Seniors, and especially menopausal women after the age of 50, women need extra calcium to overcome the risks of possible osteoporosis. But what do you do when you suffer from lactose intolerance, and dairy products are banned from your diet? How can you meet this nutrient necessity to maintain good bone and dental health when you do not consume milk? If you eliminate it from your diet, what alternative sources of calcium are available?
Calcium is found in several families of foods other than dairy products:
- oily fish
- spices and herbs
- nuts and seeds
- vegetables, especially green
- cereals enriched with minerals
- mineral waters
Before the age of 50, a woman’s calcium needs are 900 mg/day, it is advisable for those who have passed this age (in the same way as for teenage girls) to have a dose of 1200 mg/day.
Natural sources of calcium
Calcium is not found only in milk. Here is our list of alternative calcium sources:
1. Herbs and spices
It’s the herbs and spices that are the richest in calcium! If it is a little difficult to eat 100 g of thyme or cinnamon every day (we would get bored of the flavors soon), using them regularly in the kitchen, just like other spices and chervil.
2. The products of the sea
Sardines in oil are also very interesting food: in addition to their calcium content, they are rich in omega-3, the famous anti-oxidants that one finds very sparsely in food. Sardines also have the advantage of having vitamin D that helps to fix calcium. So, put some oil sardines on your plates at least once a week!
Algae and lithothamma are also good sources of calcium. Visit your local drug store and ask for supplements to contribute to the formation of connective tissues and joint comfort.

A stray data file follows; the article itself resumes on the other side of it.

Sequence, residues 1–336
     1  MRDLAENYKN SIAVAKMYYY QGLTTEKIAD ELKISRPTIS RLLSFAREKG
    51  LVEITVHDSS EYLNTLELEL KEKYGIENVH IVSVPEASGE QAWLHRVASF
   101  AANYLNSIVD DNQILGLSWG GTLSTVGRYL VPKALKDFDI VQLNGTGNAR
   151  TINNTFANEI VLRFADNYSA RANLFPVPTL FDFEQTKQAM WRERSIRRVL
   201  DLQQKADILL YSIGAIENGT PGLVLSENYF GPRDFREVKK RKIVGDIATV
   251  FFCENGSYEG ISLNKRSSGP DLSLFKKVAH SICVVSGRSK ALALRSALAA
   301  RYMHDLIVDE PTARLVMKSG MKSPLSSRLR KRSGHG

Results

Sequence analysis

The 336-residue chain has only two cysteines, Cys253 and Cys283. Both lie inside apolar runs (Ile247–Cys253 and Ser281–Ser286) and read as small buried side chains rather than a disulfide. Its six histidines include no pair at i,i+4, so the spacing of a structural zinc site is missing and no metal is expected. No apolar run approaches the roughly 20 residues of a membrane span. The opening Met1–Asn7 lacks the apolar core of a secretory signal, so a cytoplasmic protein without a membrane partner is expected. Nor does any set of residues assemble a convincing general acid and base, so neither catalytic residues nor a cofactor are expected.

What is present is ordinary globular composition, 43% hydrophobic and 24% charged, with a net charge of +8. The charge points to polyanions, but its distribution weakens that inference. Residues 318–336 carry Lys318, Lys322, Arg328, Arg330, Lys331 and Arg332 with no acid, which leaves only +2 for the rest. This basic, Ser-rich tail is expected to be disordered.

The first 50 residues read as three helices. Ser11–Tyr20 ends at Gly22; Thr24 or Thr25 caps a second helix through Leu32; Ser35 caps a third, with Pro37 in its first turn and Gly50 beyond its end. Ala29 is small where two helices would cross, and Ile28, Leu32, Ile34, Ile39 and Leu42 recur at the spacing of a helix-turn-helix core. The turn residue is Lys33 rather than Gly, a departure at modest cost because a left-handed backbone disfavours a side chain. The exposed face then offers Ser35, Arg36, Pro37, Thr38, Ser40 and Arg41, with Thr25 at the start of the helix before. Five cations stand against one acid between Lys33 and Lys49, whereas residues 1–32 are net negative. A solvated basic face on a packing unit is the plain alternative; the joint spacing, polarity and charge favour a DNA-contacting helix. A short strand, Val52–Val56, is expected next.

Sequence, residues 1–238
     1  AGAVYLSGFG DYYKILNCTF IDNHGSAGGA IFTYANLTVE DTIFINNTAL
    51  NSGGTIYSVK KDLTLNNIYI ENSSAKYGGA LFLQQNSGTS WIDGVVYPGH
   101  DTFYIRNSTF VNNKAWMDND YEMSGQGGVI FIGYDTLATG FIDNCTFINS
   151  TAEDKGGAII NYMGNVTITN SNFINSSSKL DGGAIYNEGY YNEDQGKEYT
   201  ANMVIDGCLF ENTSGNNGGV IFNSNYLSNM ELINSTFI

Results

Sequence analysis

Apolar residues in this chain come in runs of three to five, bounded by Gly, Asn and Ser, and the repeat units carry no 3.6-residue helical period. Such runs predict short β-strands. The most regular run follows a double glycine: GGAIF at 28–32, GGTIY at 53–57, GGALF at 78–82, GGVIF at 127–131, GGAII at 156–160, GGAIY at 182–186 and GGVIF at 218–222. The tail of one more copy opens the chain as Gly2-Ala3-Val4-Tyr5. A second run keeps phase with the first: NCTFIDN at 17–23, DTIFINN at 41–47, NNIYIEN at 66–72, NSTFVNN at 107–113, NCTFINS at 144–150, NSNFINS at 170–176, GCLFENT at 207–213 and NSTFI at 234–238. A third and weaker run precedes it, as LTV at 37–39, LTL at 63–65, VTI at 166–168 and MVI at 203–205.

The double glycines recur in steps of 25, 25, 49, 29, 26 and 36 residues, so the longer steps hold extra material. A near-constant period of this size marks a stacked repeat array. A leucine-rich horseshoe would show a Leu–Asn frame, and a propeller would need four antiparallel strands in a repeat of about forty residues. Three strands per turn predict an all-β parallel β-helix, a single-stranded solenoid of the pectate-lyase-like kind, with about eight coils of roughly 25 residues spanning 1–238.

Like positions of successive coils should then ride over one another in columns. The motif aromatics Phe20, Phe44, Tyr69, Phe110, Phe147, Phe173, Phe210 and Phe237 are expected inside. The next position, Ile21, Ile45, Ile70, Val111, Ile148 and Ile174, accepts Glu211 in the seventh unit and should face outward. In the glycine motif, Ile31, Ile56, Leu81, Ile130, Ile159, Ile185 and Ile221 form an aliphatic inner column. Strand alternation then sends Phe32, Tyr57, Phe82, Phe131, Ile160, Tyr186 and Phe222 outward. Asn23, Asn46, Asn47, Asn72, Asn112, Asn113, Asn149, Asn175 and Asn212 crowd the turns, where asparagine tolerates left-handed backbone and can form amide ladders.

Nuts – especially almonds, hazelnuts – and dried figs are also interesting sources of calcium. But here too, it is difficult to eat 100 g per day (which represents 110 almonds!). These seeds and fruits are therefore a good daily snack to consume regularly at breakfast and throughout the day.
Eggs, and more specifically the yolk, are also a good source of calcium. For maximum calcium concentration, boil eggs that can be consumed easily, alternating with other methods of preparation.
The greenest vegetables rich in calcium are spinach, watercress and chard. Others also contain it, but in amounts below 60 mg/100 g. Pulses (legumes) are also sources of calcium, white beans in particular.
Unlike the foods mentioned above, it is very easy to eat more than 100 g to 200 g of vegetables per meal (a daily ration of vegetables and fruits ranges from 400 g to 600 g/day). All these vegetables also provide other minerals such as magnesium and potassium, two other allies of calcium, not to mention all vitamins and fiber. Include vegetables in the menu every day of the week for green vegetables, and at least two to three per week for legumes.
Average calcium/100 g for:
- green vegetables = 40 mg
- dried vegetables = 45 mg
Wholemeal bread provides 150 mg/100 g of calcium. With these other essential nutrients (vitamins, low glycemic index carbohydrates, minerals), it should be put on the table at every meal.
7. Dietary supplements
You can find several kinds of dietary supplements based on calcium in the pharmacy, health food stores or on the internet.
Choose a supplement enriched in vitamin D which promotes good digestive assimilation of calcium and phosphorus like Caltrate, which brings you 100% of the DRV (Dietary Reference Values) in one pill.
The advice of a dietician
It is not difficult to find sources of calcium outside of dairy products… provided you are very vigilant with the – good – choices of foods that contain them, and eat them as regularly as possible. It’s a real food discipline to put in place to avoid deficiencies. But it is really worth it.
Do not hesitate to use herbs and spices in cooking! In addition to being high in calcium, they have other benefits: they delight the taste buds and allow less salt.
Also remember to ass sesame seeds in salads, and oil seeds for snacks. Small but sturdy! Plant milks are also good allies.